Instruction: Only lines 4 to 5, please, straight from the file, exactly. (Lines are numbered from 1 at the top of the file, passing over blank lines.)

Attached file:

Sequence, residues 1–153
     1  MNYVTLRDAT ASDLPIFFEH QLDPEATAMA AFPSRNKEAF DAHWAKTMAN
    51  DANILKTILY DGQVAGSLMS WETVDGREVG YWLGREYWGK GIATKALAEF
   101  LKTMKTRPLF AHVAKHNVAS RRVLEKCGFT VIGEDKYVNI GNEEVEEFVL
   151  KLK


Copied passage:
   101  LKTMKTRPLF AHVAKHNVAS RRVLEKCGFT VIGEDKYVNI GNEEVEEFVL
   151  KLK